Fright Nights ~ Tamar

Sunday’s Scripture ~ II Samuel 13:9-19

I attended an anti-bullying seminar while in high school.  The t-shirts for the event were black with a very crude (what we now call) emoticon on the front.  What was intended to be a smiley face was a pain-stricken yellow circle with weary eyes and a zipper for a mouth.  The zipper was closed but the face looked anxious to speak.  The caption for the shirt read, “Silence isn’t golden.”

How true that is.

Unfortunate events occur all around us and when they do we greet a pivotal point: address it or ignore it.  Give it voice or by our apathy essentially affirm or promote the continuance of the event.

Which would you choose instinctively?  Which would you choose after reflection?  How can we transform the “after reflection” choice into the “instinctive” choice?

(Can you guess which one I think should be our response?)

I live in the hope that one day our instinctive choice will be the gospel choice, which is to give voice, bear witness, raise awareness, and heal.  God in Christ Jesus calls us to be the change!

I will admit it is quite a challenge at times to give voice, bear witness, raise awareness, heal, and be the change in day-to-day circumstances.  Perhaps it is even more difficult when we are confronted with an unfortunate circumstance in Scripture.

– segue to this week’s passage –

When we encounter difficult Scripture passages we meet the same pivotal point: address it or ignore it.  And as it was with my anti-bullying seminar, silence isn’t golden.

– I promise…we’re almost to this week’s text –

Difficult Scripture passages make us uncomfortable, rub us the wrong way, and may lead us to only read the Scripture passages that make us feel happy, hopeful, comfortable, and secure.  Leader Keck et al., The New Interpreter Bible Commentary editors, lift up the royal rape of Tamar as a text that is shied away from because of its horrific nature.  While identifying our hesitancy towards this text Keck et al. simultaneously identify that this hesitancy does a disservice to the text.  Shying away from this text limits – or even denies – how God’s Spirit can speak to us through this text.  Shying away from this text also does a disservice to the communities of faith of which we are a part because this behavior can distance us – our empathy and our relationships – from our community members that identify with or share a tragic kinship with this story and others like it.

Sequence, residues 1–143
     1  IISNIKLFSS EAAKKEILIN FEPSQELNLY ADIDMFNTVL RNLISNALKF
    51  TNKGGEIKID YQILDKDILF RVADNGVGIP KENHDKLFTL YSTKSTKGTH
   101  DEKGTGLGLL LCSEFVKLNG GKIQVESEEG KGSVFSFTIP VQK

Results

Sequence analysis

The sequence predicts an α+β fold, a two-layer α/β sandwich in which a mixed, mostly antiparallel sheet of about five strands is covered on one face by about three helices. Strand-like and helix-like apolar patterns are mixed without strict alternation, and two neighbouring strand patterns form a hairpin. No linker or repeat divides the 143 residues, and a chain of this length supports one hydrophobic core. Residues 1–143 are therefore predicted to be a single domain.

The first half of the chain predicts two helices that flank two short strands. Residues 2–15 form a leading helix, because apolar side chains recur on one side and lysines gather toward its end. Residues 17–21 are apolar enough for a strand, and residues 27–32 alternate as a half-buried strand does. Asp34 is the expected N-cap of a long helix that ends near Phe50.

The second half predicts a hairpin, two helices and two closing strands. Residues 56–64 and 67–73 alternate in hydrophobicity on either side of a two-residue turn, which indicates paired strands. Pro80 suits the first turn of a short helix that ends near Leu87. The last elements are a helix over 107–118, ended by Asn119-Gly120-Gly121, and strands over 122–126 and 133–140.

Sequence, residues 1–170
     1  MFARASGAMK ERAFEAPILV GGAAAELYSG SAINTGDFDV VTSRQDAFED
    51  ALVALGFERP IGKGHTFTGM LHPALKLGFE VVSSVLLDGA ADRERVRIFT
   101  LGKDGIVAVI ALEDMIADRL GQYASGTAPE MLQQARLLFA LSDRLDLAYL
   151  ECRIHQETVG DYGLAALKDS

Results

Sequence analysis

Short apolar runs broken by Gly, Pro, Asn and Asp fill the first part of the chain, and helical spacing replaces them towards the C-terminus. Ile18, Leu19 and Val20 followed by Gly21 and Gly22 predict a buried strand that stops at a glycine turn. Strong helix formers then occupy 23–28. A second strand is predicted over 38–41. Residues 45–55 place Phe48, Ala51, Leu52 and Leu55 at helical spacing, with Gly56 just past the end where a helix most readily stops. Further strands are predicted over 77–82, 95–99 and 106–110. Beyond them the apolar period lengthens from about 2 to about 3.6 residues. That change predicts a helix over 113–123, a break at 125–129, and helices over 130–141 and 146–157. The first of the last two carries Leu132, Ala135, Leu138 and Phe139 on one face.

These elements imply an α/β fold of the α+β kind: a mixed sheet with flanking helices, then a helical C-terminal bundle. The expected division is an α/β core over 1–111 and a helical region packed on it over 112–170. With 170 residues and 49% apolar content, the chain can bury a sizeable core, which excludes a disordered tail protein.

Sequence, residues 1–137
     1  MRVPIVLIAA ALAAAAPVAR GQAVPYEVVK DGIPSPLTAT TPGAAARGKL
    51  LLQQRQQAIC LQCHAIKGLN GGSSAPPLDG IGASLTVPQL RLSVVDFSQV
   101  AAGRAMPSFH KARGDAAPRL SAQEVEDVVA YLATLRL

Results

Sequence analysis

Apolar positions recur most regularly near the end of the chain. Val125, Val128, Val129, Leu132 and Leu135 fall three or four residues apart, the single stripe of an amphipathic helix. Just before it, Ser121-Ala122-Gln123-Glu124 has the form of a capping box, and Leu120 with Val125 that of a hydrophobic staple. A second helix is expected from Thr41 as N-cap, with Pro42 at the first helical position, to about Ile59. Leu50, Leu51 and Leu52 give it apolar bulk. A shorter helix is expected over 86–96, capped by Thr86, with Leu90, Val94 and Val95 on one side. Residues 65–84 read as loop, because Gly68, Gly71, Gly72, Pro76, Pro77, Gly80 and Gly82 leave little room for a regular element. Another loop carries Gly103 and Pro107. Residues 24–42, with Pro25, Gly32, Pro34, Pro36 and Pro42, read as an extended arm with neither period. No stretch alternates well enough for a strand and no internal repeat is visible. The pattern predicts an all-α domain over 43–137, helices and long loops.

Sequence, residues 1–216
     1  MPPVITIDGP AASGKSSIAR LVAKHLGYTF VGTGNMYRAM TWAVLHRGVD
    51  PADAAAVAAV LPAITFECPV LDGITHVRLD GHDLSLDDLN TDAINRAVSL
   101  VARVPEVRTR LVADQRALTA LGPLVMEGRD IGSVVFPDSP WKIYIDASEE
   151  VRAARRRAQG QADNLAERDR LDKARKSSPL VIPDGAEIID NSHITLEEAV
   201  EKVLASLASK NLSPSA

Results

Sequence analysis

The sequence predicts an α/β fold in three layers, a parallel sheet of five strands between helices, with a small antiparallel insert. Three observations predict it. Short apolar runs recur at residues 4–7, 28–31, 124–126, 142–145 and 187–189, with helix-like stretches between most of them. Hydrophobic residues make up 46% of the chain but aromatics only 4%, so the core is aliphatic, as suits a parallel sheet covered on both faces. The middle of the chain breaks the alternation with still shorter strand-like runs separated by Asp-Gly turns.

Keck et al. write, “In reading this story, we are forced to recognize our own experience in this ancient tale.  There is an empowerment that comes from recognizing that this story names present realities as well as those long past.  If such stories are read as part of our biblical tradition, similar stories can be faced in our own lives, in the lives of our family and friends, and in the life of our communities” (The New Interpreter’s Bible Commentary: II Samuel 1306).

In other words, when we don’t preach, read, or study texts like the royal rape of Tamar we perpetuate the violence of the text through our silence.  But, writes Keck et al., “if the church can be the place of such reading and such voicing, then there is hope that the church might provide a community prepared to take action against continued patterns of violence against women (and I believe other groups that have been victimized) in our culture and to stand in caring support of those who have already been victimized” (The New Interpreter’s Bible Commentary: II Samuel 1306).

(deep breathe to let things marinate)

Silence isn’t golden.  So let’s end our hesitancy.  Let’s get uncomfortable with Scriptures.  Let’s be unsettled, be attentive to how we feel, and respond!  Let’s get in touch with our empathy, seek out relationships, and build community.

Prayer: O God, sow within me your seed of constant vigilance to study what you would have me study, read what you would have me read, and speak as you would have me speak.  Lead me to the uncomfortable places and be my companion.  Open wide my ears, eyes, and heart.  Amen.

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